Structural integrity

Safety needs to lead the building industry in the Middle East.

Nael Afieh
Nael Afieh

With the frantic pace of development in the UAE, safety regulations that are so commonplace in other countries, are being pushed aside or relegated to secondary issues. In response to this, the Dubai Municipality has implemented a materials/product analysis for each project to determine the suitability of materials and to try to raise safety standards.

Competition is necessary in a market economy and, among other things, it curtails complacency amongst recognised international façade element suppliers. The worldwide façade market is huge, each product has its own merits, and frankly, having several suppliers striving to be the 'market leader' will ultimately lead to better, safer façades.

Although the cost of façade systems is frequently decried, consideration must be given to the effectiveness of the system; its ability to keep occupants safe and whether it can provide a satisfactory micro climate which will lead to greater efficiency and less maintenance. Innovations in the area of sustainable energy are, at last, advancing despite the best technologies being rejected sometimes, because of initial costs. Issues like a building's impact on the environment and the futures of our children are frequently ignored when deciding between façade technologies and a project's profitability.

While intelligent façades-which have the ability to regulate solar gain, light level and CO2-are getting their due consideration we must now turn our attention to issues of safety and security. Means of escaping an enclosure in an emergency; internal and external areas that are unprotected; and the proximity of surrounding buildings are the biggest concerns we are facing in the industry.

While there are other safety requirements that need to be addressed in the industry, these three issues should be at the forefront of building projects in this region and authorities need to take greater strides in ensuring compliance.

Means of escape

In particular, widths of egress-especially staircases-and tower exits need careful consideration to ensure safety. Furthermore, the close proximity of adjacent buildings facilitates the spread of fire, especially in a hot, dry climate, and consideration must be given to that potential risk. With little effort, it's possible to prevent these risks, but developers need to realise that there will be costs attached to these forms of prevention, which must be considered at the planning stage. Of course, there is a 'duty of care' required for occupants who utilise the facilities, but safety prevention is the responsibility of not only the occupants, architects and designers, but also those with the authority to recognise fundamental design flaws and impose safety standards.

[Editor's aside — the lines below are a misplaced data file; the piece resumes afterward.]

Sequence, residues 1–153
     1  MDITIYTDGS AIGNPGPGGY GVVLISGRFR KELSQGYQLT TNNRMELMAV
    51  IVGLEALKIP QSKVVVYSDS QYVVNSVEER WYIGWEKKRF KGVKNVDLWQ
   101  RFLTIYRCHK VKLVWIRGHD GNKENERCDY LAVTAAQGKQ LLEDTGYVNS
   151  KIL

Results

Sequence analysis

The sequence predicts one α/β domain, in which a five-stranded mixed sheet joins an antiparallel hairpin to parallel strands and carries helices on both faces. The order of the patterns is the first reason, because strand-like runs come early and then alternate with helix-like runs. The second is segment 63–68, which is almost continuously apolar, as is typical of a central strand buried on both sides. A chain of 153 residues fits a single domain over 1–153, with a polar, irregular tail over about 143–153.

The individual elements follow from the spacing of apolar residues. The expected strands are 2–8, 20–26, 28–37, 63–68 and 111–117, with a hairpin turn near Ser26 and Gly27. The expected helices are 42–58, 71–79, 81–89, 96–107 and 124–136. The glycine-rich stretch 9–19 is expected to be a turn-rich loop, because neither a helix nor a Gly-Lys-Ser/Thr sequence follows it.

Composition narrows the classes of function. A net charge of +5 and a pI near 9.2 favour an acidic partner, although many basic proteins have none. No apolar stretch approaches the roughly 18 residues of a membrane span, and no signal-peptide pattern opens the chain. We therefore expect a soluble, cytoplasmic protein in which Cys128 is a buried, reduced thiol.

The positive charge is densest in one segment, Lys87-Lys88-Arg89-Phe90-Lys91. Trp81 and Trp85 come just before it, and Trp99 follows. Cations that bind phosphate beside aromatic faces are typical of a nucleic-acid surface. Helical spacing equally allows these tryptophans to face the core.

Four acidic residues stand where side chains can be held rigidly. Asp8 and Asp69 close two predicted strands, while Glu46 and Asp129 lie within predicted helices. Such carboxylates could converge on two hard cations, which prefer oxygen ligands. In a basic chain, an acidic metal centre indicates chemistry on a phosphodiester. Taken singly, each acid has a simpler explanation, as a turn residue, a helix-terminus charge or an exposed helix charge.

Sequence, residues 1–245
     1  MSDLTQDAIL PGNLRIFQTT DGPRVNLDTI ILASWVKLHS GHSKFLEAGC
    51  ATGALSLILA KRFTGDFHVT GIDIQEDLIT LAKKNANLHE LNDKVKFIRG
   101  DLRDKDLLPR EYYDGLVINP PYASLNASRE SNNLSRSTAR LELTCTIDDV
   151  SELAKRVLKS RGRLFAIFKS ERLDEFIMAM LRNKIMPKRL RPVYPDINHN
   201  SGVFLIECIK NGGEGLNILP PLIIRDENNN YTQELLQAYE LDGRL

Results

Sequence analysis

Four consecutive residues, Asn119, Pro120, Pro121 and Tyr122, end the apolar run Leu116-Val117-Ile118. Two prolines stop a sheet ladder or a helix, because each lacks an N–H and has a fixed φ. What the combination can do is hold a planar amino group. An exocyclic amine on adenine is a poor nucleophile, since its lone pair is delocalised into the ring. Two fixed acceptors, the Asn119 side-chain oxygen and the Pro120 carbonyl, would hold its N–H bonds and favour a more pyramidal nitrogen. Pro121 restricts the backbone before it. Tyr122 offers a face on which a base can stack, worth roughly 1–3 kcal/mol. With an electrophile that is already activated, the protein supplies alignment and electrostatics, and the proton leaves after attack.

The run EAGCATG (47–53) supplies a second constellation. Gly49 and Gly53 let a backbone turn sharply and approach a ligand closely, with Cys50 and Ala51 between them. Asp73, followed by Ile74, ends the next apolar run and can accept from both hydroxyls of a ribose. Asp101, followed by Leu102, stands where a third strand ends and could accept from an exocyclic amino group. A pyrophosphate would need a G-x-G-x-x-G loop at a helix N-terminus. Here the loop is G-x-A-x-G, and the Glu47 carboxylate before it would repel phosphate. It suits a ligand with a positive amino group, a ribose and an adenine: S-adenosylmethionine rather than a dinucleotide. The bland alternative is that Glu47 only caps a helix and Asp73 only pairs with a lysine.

With the multitude of developments and the increasing workload in this region, architects, developers and planning authorities need to consider more carefully emergency escape routes and safety passages. This is a fundamental issue, which, in many cases, is being ignored.


Proximity of other buildings

At the design stage, additional consideration should include the position and distance of adjacent structures. This applies particularly when a development is under single ownership and will incorporate multiple structures, as the temptation to maximise returns can lead to buildings that are perilously close. For example, European standards-based on an established and accepted relationship between property boundaries and building position-limit the area in which flammable or unprotected façade materials are adjacent.

Another vital point of safety that needs mentioning involves radiant heat. The fact is, if a fire occurs in an adjacent structure, extremely high temperatures radiate heat to surrounding buildings and can cause combustion, despite the use of façade materials that seem safe. As was seen recently in both the UAE and Qatar, consideration of such a simple element in planning, and the use of safety-conscious materials, will assist in preventing the spread of flames from one structure to the other.

Unprotected areas

An escape route within the areas where combustible materials are to be stored is crucial. While escape routes are a planning issue that is usually resolved during the design phase, the final approval is the responsibility of the controlling authority and under the recommendation of a fire prevention officer. Obviously, escape routes are a design element that must be planned at an early stage to avoid complications, cut-corners or ambivalence later.

Many buildings in the UAE appear to treat 'means of escape' as a secondary design element. Because occupants of both commercial and residential buildings are often unaware of the function of these spaces, they often come to be used as additional storage areas.

While building inspectors may address the issue of escape routes during early planning stages, there appears to be an indifference to what happens after structures become occupied. There is apparent lack of awareness on the part of end-users and a lack of initiative on the part of building inspectors who should be ensuring safety.

Where to from here?

It has become the responsibility of those who specialise in safe materials and safety issues, to introduce workshops, write publications and sponsor other forms of communication to continue educating both safety professionals and the general public. Undoubtedly, this will not be an easy task, but it's one that is vital to ensure the well-being of future occupants.

Structural Integrity was provided by Nael Afieh, Director, Schüco International KG.

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